If a yacc source file is seen, then your `configure.in' must define the variable `YACC'. This is most easily done by invoking the macro `AC_PROG_YACC' (see section `Particular Program Checks' in The Autoconf Manual).

Similarly, if a lex source file is seen, then your `configure.in' must define the variable `LEX'. You can use `AC_PROG_LEX' to do this (see section `Particular Program Checks' in The Autoconf Manual). Automake's lex support also requires that you use the `AC_DECL_YYTEXT' macro--automake needs to know the value of `LEX_OUTPUT_ROOT'. This is all handled for you if you use the AM_PROG_LEX macro (see section Autoconf macros supplied with Automake).

Automake makes it possible to include multiple yacc (or lex) source files in a single program. Automake uses a small program called ylwrap to run yacc (or lex) in a subdirectory. This is necessary because yacc's output filename is fixed, and a parallel make could conceivably invoke more than one instance of yacc simultaneously. The ylwrap program is distributed with Automake. It should appear in the directory specified by `AC_CONFIG_AUX_DIR' (see section `Finding `configure' Input' in The Autoconf Manual), or the current directory if that macro is not used in `configure.in'.

For yacc, simply managing locking is insufficient. The output of yacc always uses the same symbol names internally, so it isn't possible to link two yacc parsers into the same executable.

We recommend using the following renaming hack used in gdb:

#define	yymaxdepth c_maxdepth
#define	yyparse	c_parse
#define	yylex	c_lex
#define	yyerror	c_error
#define	yylval	c_lval
#define	yychar	c_char
#define	yydebug	c_debug
#define	yypact	c_pact	
#define	yyr1	c_r1			
#define	yyr2	c_r2			
#define	yydef	c_def		
#define	yychk	c_chk		
#define	yypgo	c_pgo		
#define	yyact	c_act		
#define	yyexca	c_exca
#define yyerrflag c_errflag
#define yynerrs	c_nerrs
#define	yyps	c_ps
#define	yypv	c_pv
#define	yys	c_s
#define	yy_yys	c_yys
#define	yystate	c_state
#define	yytmp	c_tmp
#define	yyv	c_v
#define	yy_yyv	c_yyv
#define	yyval	c_val
#define	yylloc	c_lloc
#define yyreds	c_reds
#define yytoks	c_toks
#define yylhs	c_yylhs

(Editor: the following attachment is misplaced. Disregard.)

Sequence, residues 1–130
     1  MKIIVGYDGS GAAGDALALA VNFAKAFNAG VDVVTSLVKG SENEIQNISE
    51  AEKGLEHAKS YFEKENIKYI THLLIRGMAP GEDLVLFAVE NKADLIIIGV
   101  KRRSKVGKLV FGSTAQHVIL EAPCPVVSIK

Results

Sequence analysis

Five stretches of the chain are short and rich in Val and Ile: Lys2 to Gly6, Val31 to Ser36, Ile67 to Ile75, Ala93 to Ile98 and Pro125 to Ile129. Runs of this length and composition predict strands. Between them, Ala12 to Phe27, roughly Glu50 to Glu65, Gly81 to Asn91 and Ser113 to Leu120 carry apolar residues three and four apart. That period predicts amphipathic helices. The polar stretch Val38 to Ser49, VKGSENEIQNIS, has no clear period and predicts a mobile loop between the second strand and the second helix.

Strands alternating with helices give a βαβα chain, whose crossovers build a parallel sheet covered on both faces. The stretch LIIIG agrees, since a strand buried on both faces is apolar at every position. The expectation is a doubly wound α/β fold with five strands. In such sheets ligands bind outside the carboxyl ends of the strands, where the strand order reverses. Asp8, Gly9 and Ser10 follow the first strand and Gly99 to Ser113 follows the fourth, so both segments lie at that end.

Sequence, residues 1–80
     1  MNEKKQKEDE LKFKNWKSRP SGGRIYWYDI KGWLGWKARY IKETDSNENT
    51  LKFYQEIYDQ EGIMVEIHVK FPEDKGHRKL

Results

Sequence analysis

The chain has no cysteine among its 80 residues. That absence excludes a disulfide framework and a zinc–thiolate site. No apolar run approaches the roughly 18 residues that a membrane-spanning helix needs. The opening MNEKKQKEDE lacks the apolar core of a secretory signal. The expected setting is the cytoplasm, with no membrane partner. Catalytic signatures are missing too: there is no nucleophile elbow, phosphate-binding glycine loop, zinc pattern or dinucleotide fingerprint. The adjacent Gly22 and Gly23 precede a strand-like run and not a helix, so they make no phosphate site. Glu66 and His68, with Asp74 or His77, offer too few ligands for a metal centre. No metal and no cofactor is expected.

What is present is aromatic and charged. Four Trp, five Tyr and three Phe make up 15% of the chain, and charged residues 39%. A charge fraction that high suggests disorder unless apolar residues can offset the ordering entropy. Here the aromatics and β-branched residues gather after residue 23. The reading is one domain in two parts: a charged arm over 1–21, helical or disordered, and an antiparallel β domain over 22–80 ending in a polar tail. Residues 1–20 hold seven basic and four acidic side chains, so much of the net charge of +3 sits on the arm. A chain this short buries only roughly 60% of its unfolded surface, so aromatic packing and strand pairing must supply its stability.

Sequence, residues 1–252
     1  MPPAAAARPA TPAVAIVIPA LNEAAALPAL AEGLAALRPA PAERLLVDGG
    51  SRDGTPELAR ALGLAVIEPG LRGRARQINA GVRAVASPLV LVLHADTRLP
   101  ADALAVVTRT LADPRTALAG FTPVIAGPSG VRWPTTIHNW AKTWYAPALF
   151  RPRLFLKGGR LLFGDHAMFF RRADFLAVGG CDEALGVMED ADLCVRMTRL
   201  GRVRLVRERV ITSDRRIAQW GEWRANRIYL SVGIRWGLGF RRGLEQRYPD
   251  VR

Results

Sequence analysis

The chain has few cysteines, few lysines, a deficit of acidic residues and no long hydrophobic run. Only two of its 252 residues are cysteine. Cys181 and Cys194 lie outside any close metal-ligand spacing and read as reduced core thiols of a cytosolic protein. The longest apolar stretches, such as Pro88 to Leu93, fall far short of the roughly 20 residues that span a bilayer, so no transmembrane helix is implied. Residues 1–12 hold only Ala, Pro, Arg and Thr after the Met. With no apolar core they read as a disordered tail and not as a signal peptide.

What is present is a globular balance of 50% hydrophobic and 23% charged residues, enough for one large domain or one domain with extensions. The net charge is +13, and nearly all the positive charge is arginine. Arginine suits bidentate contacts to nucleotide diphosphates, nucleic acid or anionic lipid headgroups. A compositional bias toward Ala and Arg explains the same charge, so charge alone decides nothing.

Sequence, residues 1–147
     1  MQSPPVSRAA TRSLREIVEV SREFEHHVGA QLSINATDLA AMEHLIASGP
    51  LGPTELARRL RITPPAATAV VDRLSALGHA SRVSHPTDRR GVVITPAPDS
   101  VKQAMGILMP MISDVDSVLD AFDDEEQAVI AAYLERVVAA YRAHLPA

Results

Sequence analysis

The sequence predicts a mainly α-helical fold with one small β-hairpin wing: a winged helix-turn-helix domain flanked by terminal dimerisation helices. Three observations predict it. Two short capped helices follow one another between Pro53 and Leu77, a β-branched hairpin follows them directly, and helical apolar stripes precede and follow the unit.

#define yylen	c_yylen
#define yydefred c_yydefred
#define yydgoto	c_yydgoto
#define yysindex c_yysindex
#define yyrindex c_yyrindex
#define yygindex c_yygindex
#define yytable	 c_yytable
#define yycheck	 c_yycheck
#define yyname   c_yyname
#define yyrule   c_yyrule

For each define, replace the `c_' prefix with whatever you like. These defines work for bison, byacc, and traditional yaccs. If you find a parser generator that uses a symbol not covered here, please report the new name so it can be added to the list.

C++ Support

Automake includes full support for C++.

Any package including C++ code must define the output variable `CXX' in `configure.in'; the simplest way to do this is to use the AC_PROG_CXX macro (see section `Particular Program Checks' in The Autoconf Manual).

A few additional variables are defined when a C++ source file is seen:

CXX
The name of the C++ compiler.
CXXFLAGS
Any flags to pass to the C++ compiler.
CXXCOMPILE
The command used to actually compile a C++ source file. The file name is appended to form the complete command line.
CXXLINK
The command used to actually link a C++ program.

Fortran 77 Support

Automake includes full support for Fortran 77.

Any package including Fortran 77 code must define the output variable `F77' in `configure.in'; the simplest way to do this is to use the AC_PROG_F77 macro (see section `Particular Program Checks' in The Autoconf Manual). See section Fortran 77 and Autoconf.

A few additional variables are defined when a Fortran 77 source file is seen:

F77
The name of the Fortran 77 compiler.
FFLAGS
Any flags to pass to the Fortran 77 compiler.
RFLAGS
Any flags to pass to the Ratfor compiler.
F77COMPILE
The command used to actually compile a Fortran 77 source file. The file name is appended to form the complete command line.
FLINK
The command used to actually link a pure Fortran 77 program or shared library.

Automake can handle preprocessing Fortran 77 and Ratfor source files in addition to compiling them(1). Automake also contains some support for creating programs and shared libraries that are a mixture of Fortran 77 and other languages (see section Mixing Fortran 77 With C and C++).

These issues are covered in the following sections.

Preprocessing Fortran 77

`N.f' is made automatically from `N.F' or `N.r'. This rule runs just the preprocessor to convert a preprocessable Fortran 77 or Ratfor source file into a strict Fortran 77 source file. The precise command used is as follows:

`.F'
$(F77) -F $(DEFS) $(INCLUDES) $(AM_CPPFLAGS) $(CPPFLAGS) $(AM_FFLAGS) $(FFLAGS)
`.r'
$(F77) -F $(AM_FFLAGS) $(FFLAGS) $(AM_RFLAGS) $(RFLAGS)

Compiling Fortran 77 Files